The primary difference between multicloud vs. hybrid cloud comes down to the type of cloud infrastructure. The term multicloud refers to using cloud computing services from more than one public cloud vendor for different workloads, while the term hybrid cloud describes when common workloads are deployed across multiple computing environments. 

Multicloud deployments interconnect services from separate cloud environments for different purposes without having to connect the clouds. On the other hand, hybrid cloud deployments typically combine a private computing environment (on-premises IT infrastructure or a private cloud) and a public computing environment. 

Multicloud management

To get the most out of multicloud architecture, it’s important to be able to track, secure, and manage your workloads consistently across all your environments from a single interface, similar to if you were running them on a single platform.  

The more cloud providers you use, the more complex the task of managing your environments becomes. Most public cloud vendors not only have different features, but also have varying tools, SLAs, and APIs for managing cloud services. While it’s possible to manage each environment separately, most IT teams lack the time and resources. Multicloud management capabilities should be built directly into the products and solutions of your cloud provider, allowing you to gain visibility across all your cloud environments, track costs and usage, implement consistent security controls and policies, and migrate workloads to increase availability.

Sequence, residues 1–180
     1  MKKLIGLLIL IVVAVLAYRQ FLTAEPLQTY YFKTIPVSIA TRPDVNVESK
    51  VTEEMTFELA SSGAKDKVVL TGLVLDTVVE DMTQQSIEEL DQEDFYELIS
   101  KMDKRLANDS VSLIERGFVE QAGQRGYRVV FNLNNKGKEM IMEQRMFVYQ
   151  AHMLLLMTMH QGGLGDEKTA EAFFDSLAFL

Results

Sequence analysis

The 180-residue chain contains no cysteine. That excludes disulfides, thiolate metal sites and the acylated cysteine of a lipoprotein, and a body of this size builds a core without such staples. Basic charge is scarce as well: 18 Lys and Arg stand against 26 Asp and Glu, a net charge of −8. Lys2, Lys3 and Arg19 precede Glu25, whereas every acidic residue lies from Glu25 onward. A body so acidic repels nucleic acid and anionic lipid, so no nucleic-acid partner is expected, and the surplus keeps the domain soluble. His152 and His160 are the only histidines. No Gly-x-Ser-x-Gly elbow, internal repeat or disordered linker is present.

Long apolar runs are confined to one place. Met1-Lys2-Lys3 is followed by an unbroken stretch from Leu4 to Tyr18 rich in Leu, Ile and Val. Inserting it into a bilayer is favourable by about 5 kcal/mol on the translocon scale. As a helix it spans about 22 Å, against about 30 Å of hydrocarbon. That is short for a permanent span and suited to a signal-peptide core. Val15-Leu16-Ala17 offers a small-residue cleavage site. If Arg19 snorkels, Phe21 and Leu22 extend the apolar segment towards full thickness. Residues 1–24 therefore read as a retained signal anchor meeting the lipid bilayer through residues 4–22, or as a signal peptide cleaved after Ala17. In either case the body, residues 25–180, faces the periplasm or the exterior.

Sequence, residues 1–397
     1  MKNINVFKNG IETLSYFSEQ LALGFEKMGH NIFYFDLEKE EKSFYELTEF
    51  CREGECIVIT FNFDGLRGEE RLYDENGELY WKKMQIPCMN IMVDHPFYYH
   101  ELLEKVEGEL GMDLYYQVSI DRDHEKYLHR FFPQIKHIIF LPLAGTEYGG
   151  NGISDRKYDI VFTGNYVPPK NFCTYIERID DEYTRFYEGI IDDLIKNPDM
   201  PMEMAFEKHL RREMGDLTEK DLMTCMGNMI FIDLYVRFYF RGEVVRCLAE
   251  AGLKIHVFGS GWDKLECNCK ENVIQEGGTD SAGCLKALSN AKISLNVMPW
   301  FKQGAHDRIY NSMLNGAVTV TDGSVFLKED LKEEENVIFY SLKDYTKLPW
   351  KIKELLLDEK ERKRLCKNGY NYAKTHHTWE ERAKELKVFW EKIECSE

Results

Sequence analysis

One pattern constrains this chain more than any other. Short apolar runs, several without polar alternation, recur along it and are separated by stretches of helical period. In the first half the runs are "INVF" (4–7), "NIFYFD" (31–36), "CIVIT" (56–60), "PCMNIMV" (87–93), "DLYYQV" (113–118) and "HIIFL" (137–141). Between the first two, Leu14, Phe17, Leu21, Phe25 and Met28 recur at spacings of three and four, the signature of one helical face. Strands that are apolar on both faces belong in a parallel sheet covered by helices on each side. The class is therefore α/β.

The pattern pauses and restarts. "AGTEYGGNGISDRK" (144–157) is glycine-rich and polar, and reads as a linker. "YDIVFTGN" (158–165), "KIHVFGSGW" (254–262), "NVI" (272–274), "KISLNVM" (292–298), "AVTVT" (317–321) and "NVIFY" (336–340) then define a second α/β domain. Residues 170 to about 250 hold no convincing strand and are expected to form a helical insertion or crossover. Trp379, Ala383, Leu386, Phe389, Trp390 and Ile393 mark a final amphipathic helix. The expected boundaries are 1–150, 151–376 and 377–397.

Using multicloud with google cloud

Benefits of Multicloud

Leveraging multicloud services can offer many opportunities to increase the IT agility and flexibility of your organization. Let’s take a look at some of the most common benefits of multicloud: 

Best of each cloud

Multicloud allows you to choose from many cloud vendors and provides the flexibility to match specific features and capabilities to optimize your workloads in the cloud based on factors like speed, performance, reliability, geographical location, and security and compliance requirements.

Avoid vendor lock-in

A multicloud environment allows you to build anywhere, fast. With a multicloud approach, you’re not tied to a single provider. You can choose whatever solution best suits your business needs while reducing data, interoperability, and cost issues that often arise when you become too dependent on one cloud. 

Cost efficiency